Viveca Chow, a Broadway Actor, walked inside a midtown building, ready for an audition for a Broadway Musical. When she did, the casters had a surprising comment in store.
“I have received a lot of comments from white casters that are saying casting people of color is like a trend,” Viveca says. “And they say straight up to my face, ‘You must be getting a lot of jobs right now, because you know, casting people of color is like a trend.” This seems crazy, right? Well, it happens pretty often to Viveca. She and so many other actors of color face many obnoxious comments and microaggressions all throughout their career. They may be on stage, but they’re still human and it doesn’t mean that they don’t deal with racial problems.
“I’ve experienced something called microaggressions.” She said. “That’s a less direct version of racism. Microaggressions are when people are not TRYING to be racist, but what they say is racially insensitive.” Viveca explains. Microaggressions are kind of like racism planted into people’s heads by society. Generally, when someone commits a microaggression, they don’t think of themselves as a racist person—racist thoughts have just been stacked into their heads. People of color in theater have not been keeping quiet during this time, especially.
You probably will recognize the name Renee Elise Goldsberry. That’s because Goldsberry, an African-American Tony-Award-Winning actor, played the part of Angelica Schuyler in the original cast of “Hamilton.” She’s been posting buckets of pictures of her whole family at protests.
Goldsberry hasn’t been keeping quiet and neither has Jordan Fisher, who played Evan Hansen in “Dear Evan Hansen,” Holden Dippledorf in “Liv and Maddie” and the pizza dude in the Dominos ad that we all enjoyed during the Super Bowl. He’s also recently posted about the BLM movement on his instagram page. It took him a bit of time to get there, but he did make several posts.
“I’m going to be totally honest. I have played it safe and not entered the conversation around public issues,” Fisher admits. However, he knows that he can’t do that anymore if there’s going to be any change. “I can no longer stay silent or I then become a part of the oppression and the problem. I hear you. I see you. I am holding myself accountable today as all of us should. As one of the lucky ones who has breath in their lungs, I’m going to use it to be loud!” he exclaims. “#BlackLivesMatter, #ICan’tBreath.”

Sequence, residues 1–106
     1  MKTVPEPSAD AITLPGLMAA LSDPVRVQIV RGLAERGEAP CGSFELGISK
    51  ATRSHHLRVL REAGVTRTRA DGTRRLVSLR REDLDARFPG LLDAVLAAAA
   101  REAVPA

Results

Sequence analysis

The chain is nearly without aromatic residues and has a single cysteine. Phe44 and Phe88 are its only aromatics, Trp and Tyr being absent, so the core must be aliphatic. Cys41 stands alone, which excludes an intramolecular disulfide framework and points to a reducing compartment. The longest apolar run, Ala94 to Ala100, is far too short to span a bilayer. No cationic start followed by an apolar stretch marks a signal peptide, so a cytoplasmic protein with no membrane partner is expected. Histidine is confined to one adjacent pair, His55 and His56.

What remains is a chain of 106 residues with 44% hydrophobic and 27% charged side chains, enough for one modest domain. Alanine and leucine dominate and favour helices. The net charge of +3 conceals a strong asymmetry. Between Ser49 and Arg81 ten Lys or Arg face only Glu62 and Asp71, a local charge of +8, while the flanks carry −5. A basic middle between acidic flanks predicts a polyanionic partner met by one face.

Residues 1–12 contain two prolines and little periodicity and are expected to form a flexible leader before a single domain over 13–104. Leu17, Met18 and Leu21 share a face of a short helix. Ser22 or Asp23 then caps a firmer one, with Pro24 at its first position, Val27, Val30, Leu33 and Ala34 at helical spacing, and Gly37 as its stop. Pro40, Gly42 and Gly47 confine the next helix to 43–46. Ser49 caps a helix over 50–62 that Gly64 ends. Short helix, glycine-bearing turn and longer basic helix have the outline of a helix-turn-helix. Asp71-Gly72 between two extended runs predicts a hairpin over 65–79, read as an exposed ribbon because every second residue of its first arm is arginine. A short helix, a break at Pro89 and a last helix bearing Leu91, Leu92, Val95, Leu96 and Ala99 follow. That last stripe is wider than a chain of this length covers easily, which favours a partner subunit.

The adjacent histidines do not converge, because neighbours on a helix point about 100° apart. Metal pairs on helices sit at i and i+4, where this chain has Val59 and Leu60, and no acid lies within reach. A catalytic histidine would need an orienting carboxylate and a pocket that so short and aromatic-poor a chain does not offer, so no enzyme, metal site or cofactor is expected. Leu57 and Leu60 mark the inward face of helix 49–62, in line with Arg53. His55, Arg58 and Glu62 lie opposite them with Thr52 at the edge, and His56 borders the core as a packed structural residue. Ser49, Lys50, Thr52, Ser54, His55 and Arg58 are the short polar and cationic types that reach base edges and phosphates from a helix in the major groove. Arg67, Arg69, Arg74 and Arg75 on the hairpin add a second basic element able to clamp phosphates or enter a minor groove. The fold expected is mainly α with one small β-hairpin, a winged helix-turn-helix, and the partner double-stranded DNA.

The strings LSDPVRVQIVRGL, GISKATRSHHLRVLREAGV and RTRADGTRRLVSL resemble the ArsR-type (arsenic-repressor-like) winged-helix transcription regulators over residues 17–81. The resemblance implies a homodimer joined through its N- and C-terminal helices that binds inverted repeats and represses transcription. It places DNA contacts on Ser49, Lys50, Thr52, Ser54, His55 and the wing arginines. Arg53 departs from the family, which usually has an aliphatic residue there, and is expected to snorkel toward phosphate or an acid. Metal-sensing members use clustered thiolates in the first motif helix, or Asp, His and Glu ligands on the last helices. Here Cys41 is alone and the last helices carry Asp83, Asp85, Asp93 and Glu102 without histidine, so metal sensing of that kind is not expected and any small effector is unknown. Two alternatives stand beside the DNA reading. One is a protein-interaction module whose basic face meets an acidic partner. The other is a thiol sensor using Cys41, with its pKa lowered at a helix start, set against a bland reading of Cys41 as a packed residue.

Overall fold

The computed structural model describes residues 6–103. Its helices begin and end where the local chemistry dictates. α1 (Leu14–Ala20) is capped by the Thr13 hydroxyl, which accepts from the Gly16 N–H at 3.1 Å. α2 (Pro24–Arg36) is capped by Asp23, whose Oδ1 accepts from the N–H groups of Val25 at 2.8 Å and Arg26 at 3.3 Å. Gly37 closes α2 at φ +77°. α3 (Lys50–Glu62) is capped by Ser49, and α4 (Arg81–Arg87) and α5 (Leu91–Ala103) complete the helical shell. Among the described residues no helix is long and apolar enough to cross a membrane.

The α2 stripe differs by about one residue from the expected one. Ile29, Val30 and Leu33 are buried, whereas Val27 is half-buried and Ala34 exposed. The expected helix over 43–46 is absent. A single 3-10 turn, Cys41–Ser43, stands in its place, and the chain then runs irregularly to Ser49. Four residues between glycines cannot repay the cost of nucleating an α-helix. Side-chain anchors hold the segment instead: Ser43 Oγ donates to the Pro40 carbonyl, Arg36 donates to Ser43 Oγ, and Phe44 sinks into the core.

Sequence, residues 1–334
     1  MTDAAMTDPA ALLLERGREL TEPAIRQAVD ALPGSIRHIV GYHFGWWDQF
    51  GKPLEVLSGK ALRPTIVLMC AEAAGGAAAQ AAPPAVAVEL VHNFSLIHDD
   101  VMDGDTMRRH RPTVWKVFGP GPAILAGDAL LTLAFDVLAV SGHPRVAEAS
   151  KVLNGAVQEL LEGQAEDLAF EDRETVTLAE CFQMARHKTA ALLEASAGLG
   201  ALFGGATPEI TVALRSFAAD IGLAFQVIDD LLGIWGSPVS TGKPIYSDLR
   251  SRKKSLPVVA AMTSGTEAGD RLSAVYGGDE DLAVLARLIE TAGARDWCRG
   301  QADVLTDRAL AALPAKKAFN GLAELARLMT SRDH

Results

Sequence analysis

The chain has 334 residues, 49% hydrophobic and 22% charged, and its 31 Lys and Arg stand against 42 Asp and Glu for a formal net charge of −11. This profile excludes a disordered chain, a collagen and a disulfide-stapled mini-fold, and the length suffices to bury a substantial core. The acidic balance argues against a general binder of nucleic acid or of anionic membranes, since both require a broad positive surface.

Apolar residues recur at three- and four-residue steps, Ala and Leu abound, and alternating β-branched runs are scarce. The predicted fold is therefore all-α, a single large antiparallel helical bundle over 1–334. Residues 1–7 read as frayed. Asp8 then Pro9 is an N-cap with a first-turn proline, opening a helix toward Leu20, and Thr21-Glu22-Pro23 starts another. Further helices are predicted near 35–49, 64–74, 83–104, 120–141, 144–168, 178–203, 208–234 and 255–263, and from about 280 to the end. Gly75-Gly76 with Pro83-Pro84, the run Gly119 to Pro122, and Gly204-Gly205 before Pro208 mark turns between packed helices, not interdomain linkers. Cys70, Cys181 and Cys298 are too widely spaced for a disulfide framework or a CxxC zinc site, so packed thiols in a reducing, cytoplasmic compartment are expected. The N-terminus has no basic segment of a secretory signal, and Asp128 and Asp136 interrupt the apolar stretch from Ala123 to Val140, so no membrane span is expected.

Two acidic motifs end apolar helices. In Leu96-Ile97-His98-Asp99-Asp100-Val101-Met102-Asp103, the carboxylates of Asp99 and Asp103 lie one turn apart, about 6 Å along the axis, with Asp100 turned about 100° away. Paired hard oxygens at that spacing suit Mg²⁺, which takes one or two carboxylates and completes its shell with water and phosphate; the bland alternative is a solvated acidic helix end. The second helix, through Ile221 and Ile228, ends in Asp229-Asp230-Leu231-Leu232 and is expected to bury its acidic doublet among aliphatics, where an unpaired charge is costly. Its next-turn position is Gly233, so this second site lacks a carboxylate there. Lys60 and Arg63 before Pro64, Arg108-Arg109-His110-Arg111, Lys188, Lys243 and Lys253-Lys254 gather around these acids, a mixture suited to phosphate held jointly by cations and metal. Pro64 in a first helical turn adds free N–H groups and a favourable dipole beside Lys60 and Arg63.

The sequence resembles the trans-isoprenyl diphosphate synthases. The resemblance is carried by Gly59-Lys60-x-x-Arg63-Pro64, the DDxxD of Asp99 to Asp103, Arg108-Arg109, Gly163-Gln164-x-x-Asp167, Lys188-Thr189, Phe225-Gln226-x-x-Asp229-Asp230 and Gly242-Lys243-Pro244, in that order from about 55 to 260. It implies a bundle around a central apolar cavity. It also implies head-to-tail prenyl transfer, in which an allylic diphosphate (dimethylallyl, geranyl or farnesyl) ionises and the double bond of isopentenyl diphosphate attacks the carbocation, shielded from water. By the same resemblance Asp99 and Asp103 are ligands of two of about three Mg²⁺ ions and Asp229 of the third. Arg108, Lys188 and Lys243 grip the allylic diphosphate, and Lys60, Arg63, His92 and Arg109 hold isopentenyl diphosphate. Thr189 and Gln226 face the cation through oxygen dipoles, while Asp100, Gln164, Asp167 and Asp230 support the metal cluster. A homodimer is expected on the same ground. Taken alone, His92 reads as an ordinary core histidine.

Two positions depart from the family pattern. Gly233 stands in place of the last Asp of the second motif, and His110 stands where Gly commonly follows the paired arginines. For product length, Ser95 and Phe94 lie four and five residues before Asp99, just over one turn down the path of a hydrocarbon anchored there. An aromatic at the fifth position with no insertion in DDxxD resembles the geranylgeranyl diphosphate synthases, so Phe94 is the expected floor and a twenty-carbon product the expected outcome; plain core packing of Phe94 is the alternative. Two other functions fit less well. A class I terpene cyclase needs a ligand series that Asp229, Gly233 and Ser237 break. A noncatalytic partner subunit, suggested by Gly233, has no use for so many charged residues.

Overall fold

At least some Broadway stars are taking part in the Black Lives Matter movement. However, do they have a specific required role because they’re in theater?
“I think we should all take on the roll of raising awareness to, first and foremost, our own experiences.” Viveca says, implying that we all should be doing something for the cause, in theater or not. “I think we should take on the role of bridging the divide. What this means to me is starting these important conversations with family or friends. I think that there’s something really powerful about social media activism, but that’s very controversial because just because you’re loud on social media doesn’t mean you’re doing the work internally. And I think that as a person, that when you see these injustices happening around you, you need to speak up about it, especially if you are a person of power and privilege.” Lots of people who are in theater do have power and privilege and have started to take action. Viveca says that that power can come to your advantage. When you know people will listen, why would you just sing a cheesy love song, when you really have an opportunity to make a difference?
Here’s the cool thing, though: people in theater do have an advantage, but they’re not the only ones who can make a difference! Sure, you, yes you, the reader of this article, aren’t famous, but there are so many ways you can make a difference for the Black Lives Matter movement. Viveca has a couple suggestions.
“If I were to say one thing to white people, it’s that it’s not a person of color’s job to educate you, there are plenty of resources on Google. There’s a difference between going up to ask them without research and going to a person of color to clarify.” So do your research, and do it well!
She adds, “I don’t need anyone to feel guilty about my experiences, just be the change.” It doesn’t help her in any way to feel bad for her, but you know what does help her? Making a difference. It can be as simple as making a sign, going to a protest. It’s as simple as spreading awareness on social media…it’s as simple as taking the time to do the research, read an article. It’s as simple as making a petition. It’s as simple as standing up for the BLM movement. It’s as simple as listening to what your friends from different backgrounds might have to say, or listening to their experiences. so you, yes you, go be the change.